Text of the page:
Our bioacoustics research examines how bats use echolocation for orientation and prey detection in different environments. We also study the use and development of biosonar in bat pups from our breeding colony, and the development of hearing and auditory sensitivity. Through this, we seek to understand how the central auditory system integrates neural inputs to creates neurons with novel stimulus-response properties (e.g. neural selectivity for signal duration).
Our integrative physiology research uses bats as a model system to study factors that influence cutaneous wound healing in bat flight membranes. Another focus examines steroid hormone production, absorption, and transfer between cohabitating conspecifics. This work seeks to advance knowledge about how bats may use hormones as pheromones to modify reproductive physiology and behaviour.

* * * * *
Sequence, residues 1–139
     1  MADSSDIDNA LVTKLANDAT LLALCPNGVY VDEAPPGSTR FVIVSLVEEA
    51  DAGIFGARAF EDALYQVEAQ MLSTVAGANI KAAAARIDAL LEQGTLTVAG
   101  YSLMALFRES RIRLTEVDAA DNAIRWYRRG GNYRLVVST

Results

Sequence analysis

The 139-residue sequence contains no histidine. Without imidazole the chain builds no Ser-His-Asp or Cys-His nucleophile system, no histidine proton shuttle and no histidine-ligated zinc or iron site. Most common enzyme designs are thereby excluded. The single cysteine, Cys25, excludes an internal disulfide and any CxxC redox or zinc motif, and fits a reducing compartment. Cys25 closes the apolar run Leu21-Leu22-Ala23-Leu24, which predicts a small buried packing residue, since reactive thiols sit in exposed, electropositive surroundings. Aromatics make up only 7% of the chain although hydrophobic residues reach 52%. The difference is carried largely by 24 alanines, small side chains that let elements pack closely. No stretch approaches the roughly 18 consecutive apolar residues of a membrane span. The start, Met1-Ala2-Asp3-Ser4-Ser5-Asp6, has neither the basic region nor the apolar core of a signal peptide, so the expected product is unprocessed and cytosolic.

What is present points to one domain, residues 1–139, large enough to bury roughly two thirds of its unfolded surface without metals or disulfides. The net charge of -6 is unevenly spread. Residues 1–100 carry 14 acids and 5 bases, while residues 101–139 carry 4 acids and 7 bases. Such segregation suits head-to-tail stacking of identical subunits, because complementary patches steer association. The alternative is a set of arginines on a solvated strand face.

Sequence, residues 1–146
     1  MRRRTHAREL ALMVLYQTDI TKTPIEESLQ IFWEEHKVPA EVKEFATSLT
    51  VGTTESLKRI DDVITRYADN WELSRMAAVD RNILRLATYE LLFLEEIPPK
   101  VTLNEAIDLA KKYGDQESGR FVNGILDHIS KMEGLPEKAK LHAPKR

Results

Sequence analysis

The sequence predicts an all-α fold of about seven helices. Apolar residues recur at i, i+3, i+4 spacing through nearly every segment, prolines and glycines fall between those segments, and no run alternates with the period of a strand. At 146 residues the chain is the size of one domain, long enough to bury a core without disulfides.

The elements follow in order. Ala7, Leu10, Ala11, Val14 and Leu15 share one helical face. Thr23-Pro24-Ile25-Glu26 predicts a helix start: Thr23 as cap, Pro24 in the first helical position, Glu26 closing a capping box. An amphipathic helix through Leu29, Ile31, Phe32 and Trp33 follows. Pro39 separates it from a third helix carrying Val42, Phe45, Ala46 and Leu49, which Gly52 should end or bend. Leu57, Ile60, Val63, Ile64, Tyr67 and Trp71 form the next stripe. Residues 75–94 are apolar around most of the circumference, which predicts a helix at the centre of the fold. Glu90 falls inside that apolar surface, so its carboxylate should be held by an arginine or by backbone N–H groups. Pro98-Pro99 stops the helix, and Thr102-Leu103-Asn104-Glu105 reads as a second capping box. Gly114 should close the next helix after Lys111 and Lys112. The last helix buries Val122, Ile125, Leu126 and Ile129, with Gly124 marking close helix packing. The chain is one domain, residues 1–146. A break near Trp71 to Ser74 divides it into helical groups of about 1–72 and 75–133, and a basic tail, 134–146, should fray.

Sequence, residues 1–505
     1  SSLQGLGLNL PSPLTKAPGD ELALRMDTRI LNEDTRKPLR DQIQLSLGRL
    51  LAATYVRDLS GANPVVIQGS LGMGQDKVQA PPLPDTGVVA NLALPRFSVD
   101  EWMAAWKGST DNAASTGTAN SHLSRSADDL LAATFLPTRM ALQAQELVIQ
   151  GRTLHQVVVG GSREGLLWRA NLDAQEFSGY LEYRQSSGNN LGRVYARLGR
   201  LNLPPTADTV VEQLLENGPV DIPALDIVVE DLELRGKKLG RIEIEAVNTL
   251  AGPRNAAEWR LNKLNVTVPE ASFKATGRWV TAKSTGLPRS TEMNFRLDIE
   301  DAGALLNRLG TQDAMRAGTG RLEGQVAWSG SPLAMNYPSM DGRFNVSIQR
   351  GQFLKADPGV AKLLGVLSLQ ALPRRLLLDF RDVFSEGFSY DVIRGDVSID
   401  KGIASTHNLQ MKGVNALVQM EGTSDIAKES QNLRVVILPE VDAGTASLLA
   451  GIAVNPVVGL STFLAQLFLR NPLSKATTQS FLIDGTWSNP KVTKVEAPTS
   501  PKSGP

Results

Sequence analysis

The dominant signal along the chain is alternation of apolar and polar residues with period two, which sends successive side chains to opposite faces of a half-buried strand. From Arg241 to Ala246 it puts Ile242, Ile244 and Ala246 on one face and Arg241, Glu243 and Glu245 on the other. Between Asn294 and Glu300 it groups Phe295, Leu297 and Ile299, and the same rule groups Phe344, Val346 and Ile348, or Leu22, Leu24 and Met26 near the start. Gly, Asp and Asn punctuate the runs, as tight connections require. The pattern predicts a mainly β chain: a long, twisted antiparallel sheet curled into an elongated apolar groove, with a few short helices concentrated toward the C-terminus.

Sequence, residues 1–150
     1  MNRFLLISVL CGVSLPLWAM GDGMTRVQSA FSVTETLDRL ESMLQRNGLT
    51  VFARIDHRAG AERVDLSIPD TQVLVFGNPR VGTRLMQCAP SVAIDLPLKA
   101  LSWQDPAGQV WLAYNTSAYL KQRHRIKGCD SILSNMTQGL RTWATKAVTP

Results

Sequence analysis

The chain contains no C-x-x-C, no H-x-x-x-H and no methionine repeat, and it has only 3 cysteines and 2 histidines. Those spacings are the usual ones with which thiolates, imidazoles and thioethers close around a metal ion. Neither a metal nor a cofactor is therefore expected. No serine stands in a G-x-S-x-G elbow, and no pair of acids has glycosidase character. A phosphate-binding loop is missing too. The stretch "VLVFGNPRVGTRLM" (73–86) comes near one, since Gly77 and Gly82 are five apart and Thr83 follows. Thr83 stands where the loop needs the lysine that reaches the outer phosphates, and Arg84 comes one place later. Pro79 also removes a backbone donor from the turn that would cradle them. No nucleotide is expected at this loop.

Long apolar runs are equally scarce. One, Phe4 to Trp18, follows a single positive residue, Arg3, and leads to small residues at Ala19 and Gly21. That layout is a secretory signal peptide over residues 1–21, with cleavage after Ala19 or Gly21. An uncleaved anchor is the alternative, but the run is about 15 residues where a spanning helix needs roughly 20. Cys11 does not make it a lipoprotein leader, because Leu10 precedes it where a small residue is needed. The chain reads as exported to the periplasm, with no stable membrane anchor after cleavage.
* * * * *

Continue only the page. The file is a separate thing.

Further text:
Bats are ideal subjects for bioacoustics and auditory physiology research because we know what sounds are important to bats and this simplifies our efforts to discover underlying neurophysiological mechanisms. And since the components of the bat’s central auditory system are fundamentally mammalian, auditory processing mechanisms that can be readily discovered in bats are likely to be of general relevance to all mammals.